“Help! My sales are down” – 5 things to consider

No primary category set

We’ve received quite a number of emails from despairing sellers over the past few weeks. At what should be a bumper time of year for most ecommerce SMEs, these emails start along similar lines: “Help. My sales are down dramatically. What has eBay changed?”*

The answer is, to be honest, that eBay haven’t changed anything. There were some changes to Search a little while back, which will be changed back, but that won’t have had a widespread effect.

We’ve taken a deepdive with several of the sellers who have written in and I thought it might be useful to share some reflections. The sands are constantly shifting and an eBay seller must always be tweaking and optimising. Very often, in our experience, when the sales are down (or seem to be down) there is a rational reason staring you in the face.

Are your numbers sound?

Firstly, make sure you’re keeping track. And then be sober and analytical when you make judgments. Comparing week on week isn’t necessarily that useful. Fluctuations in the short term are inevitable and a longer term view is vital. One seller who contacted us in a panic at a sudden dip in sales had been spooked by a rogue bad week in what was an otherwise healthy trend. Another, suddenly concerned about a sudden drop, had actually been presiding over decline unawares since the beginning of the year.

There are lots of ways to approach measuring the health of your business, and many books and blogs aout there with advice on best practice. The key point is to do it and be meticulous.

Check out the competition

Keeping an eye on your competitors serves lots of purposes. Two leap to mind for the purposes of this post: 1) Benchmark against your competitors so you can judge whether a downtick is also affecting them. 2) If a competitor selling similar stock is doing better than you on conversion or sell through, you know you have improvements to make.

Terapeak is enormously valuable here. It’s vital, in fact. And if you’re making a living on eBay and not plugged in to Terapeak then I think you’re bonkers.

Oh, and always keep an eye out for new competitors. The new kid on the block with great stock and low prices could be the cause of a dip. They may crash and burn before long but even a Mayfly competitor can cause havoc with your business.

Events, dear boy, events.

Outside factors will impact eBay and net usage in general. For instance, Tamebay traffic was significantly down in June. The combination of bank holidays, the Jubilee, atrocious weather and the like all combined to bring the numbers down. Funnily, the Olympics didn’t have a similar impact. When look at the numbers, remember that half term affects sales, so does the weather, big national events and the like all matter. You may be affected by events further afield too: Thanksgiving, stateside, for example. There isn’t much to be done about these things. But it can help understand if a dip is just a blip or part of a downward trend.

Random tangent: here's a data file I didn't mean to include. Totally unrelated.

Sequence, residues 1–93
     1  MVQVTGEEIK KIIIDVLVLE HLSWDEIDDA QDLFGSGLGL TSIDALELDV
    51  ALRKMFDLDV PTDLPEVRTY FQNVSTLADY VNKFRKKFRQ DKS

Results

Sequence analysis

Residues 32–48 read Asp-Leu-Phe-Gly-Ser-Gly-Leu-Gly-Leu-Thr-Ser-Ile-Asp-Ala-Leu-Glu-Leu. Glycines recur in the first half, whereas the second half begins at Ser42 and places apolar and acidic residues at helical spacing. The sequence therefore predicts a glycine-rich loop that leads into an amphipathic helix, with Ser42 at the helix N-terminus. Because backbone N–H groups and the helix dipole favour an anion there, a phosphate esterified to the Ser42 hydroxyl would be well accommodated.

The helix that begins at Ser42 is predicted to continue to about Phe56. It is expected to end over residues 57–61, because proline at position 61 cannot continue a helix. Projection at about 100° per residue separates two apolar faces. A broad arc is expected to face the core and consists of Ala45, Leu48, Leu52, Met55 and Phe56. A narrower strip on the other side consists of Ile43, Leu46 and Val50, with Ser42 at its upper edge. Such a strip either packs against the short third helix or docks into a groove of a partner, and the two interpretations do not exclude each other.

And don’t forget the effects of seasonality. Swim suits sell better in June and there isn’t much demand for Christmas cards in February. And things do just go out of fashion. Pity the poor wig powder merchant.

How good is your stock?

I recently dealt with a seller who was convinced his business was on the slide. Looking back over the past three months, we saw that the first few weeks were stellar but from that peak, each week had been worse than the one before. He was at his wit’s end. We sussed it in the end. The peak weeks coincided with a stock delivery. This had sold well and then sold out. For the remainder of the quarter he had been flogging the less attractive stock. Thus the dip.

And, here’s another obvious point to make, make sure you’ve got everything you want to sell listed on eBay or Amazon. I have been often astonished to learn sellers hold masses of stock but haven’t got it listed for sale. One thing we can all agree on: if it ain’t available for sale, it won’t shift.

Are you being honest with yourself?

Are your DSRs up to snuff? Are you sending out items ASAP? Are your listings long overdue an overhaul? Are your listings looking fab on mobile devices? Would some spiffier snaps show off your wares better? You probably know exactly what you need to do to make sure your sales improve. But it can be easier to blame eBay.

* In all my years as an eBay watcher I’ve never heard a seller say “Hurrah, my sales are up. What have eBay changed?” Increases are thanks to a seller’s hard work. Decreases must be someone else’s fault. 😉

25 Responses

  1. In all my years as an eBay watcher I’ve never heard a seller say “Hurrah, my sales are up. What have eBay changed?”

    You must not have been around .com in 2006 (yes, I’m aware you were employed at eBay that year) when stores briefly went into core in the US. That sales increase was purely eBay’s doing and most of us acknowledged that. If we didn’t then we wouldn’t have had anything to complain about when they rolled it back.